September 14, 2009

Monday's questions and sample explanations - #2

2. Advocates of foreign language study have reacted very favorably to recent surveys, which showed more students enrolling in college-level foreign language classes. Most of those classes, however, use conversational methods, instead of the traditional exercises in grammar and analysis of literary texts. Unfortunately, by making it easier for students to meet the language requirements for their bachelor’s degree, these classes will actually have the negative effect of decreasing the numbers of graduates who are capable of appreciating another culture’s means of expression.

In order for the author’s conclusion to be reasonable, which one of the following must also be believed?

  1. If colleges eliminate the foreign language requirement for the bachelor’s degree, they could also eliminate most conversational language classes.
  2. More students would choose a conversational course, if it were available, than a literature course.
  3. Conversational language courses do not provide the cultural insights provided by traditional courses emphasizing grammar and literature.
  4. If colleges continue to offer conversational language courses, there will be fewer qualified foreign language instructors in the future.
  5. Most college graduates today can read in at least one foreign language.

(C) is correct. The basic premise of the argument is that traditional language courses are better at providing cultural insights than conversational language courses are. In other words, one method is better than another to achieve a desired result; X is better than Y to achieve Z. It assumes that conversational language courses do not provide cultural insights, and that traditional grammar/literature courses do. If that is not true, then one cannot reasonably say that the latter is better than the former. Therefore, (C) must be true in order for the author's conclusion to be reasonable.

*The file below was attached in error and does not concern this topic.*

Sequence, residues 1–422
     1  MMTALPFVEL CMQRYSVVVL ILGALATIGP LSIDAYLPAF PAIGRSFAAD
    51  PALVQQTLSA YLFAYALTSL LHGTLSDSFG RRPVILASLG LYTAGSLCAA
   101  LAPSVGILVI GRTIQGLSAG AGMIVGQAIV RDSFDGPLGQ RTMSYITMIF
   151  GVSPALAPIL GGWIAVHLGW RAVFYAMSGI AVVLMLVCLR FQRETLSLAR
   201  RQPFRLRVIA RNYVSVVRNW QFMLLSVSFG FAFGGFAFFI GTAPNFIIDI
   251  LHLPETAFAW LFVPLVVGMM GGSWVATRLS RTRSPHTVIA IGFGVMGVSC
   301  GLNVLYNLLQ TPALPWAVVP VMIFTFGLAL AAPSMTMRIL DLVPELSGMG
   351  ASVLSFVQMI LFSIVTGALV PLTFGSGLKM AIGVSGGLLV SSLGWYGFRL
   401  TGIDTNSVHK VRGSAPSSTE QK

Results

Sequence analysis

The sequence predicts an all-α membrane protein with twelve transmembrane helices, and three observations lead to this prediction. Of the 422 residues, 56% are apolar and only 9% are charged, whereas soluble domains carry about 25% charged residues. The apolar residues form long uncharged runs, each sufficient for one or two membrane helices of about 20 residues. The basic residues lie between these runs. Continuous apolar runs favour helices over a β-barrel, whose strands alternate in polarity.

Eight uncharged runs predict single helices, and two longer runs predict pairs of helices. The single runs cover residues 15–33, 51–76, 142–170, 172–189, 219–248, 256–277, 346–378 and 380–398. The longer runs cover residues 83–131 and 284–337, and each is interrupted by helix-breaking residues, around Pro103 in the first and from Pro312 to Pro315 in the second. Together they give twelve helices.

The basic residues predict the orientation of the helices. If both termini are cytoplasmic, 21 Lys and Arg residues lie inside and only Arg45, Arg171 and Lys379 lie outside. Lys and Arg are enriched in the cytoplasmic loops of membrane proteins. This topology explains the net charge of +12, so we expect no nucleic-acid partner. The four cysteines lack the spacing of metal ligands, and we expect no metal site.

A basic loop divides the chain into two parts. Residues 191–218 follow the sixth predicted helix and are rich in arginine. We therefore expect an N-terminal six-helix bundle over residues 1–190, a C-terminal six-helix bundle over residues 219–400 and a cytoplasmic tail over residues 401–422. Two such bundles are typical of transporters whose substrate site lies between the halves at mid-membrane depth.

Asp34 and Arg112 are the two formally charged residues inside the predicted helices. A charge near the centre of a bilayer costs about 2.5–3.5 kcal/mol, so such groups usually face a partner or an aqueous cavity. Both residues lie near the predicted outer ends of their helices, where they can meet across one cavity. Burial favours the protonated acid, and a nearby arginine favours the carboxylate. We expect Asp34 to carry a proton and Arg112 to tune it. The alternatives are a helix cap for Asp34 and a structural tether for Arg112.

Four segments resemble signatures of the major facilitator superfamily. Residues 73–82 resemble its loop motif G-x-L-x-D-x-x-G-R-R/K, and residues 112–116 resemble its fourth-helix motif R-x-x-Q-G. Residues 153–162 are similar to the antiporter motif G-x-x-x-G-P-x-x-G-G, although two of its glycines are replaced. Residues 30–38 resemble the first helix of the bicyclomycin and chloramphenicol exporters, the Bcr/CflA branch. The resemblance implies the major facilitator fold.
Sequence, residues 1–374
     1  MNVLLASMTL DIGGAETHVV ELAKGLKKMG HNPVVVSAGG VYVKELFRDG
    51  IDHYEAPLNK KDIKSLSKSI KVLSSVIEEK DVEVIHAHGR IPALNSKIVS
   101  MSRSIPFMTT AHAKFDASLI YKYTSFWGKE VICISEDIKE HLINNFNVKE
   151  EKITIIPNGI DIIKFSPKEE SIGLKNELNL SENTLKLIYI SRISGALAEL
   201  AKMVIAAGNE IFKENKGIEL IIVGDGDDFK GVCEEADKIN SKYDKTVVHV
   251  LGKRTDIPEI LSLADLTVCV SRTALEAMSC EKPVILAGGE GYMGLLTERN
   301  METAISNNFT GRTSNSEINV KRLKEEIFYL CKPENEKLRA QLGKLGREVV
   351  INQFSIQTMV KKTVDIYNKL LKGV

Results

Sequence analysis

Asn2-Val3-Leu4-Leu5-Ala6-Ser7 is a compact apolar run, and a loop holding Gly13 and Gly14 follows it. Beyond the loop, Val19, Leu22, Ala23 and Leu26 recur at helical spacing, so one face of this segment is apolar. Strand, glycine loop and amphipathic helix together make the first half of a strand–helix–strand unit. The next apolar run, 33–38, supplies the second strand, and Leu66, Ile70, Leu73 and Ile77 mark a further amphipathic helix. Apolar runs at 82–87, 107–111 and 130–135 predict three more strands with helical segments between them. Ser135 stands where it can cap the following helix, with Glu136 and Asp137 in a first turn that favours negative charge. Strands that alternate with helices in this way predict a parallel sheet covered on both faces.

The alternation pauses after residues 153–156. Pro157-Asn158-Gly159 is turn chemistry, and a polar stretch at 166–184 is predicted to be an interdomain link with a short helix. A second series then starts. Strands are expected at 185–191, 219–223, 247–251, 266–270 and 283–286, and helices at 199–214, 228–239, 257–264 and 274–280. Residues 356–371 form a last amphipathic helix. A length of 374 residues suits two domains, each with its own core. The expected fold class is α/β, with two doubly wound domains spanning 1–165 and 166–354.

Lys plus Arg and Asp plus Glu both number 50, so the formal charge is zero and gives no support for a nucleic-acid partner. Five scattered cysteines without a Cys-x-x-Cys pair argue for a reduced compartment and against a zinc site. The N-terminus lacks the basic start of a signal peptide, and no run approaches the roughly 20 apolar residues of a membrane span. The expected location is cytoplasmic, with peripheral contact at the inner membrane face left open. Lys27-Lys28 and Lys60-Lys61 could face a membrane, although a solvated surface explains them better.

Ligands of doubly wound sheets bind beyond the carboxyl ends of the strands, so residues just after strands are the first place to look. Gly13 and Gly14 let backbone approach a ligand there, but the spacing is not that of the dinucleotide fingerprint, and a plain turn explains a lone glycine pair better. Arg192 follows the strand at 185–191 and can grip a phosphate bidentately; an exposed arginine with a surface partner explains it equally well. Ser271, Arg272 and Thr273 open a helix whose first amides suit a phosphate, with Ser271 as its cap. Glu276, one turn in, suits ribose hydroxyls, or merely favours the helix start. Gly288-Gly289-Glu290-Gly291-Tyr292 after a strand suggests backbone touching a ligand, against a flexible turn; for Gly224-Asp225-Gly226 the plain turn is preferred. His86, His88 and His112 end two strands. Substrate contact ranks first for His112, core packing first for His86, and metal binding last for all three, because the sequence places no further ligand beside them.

(A) is incorrect because the desired result is not the elimination of conversational language courses. The desired result is cultural appreciation. The author does not think that conversational courses should be eliminated; he just thinks they don't provide the same cultural insights that traditional courses do. This is a valid argument regardless of whether colleges can eliminate conversational courses by dropping the language requirement altogether.

(B) is incorrect even though it might be a valid inference. The argument implies that conversational courses are easier than traditional courses, which in turn implies that students would choose the former over the latter. However, even if students would prefer to take traditional courses over conversational courses, the argument remains valid that traditional courses provide better cultural appreciation. The argument is still valid no matter what students prefer, therefore this cannot be an assumption upon which the argument rests.

(D) is incorrect because the argument does not suggest that either instructional method will have any effect, positive or negative, on the number of instructors available in the future. The future availability of instructors is irrelevant.

(E) is incorrect because the argument is still valid whether this is true or not. Even if most college graduates cannot read at least one foreign language, it is no less likely that the traditional method is better for fostering cultural appreciation than the conversational method.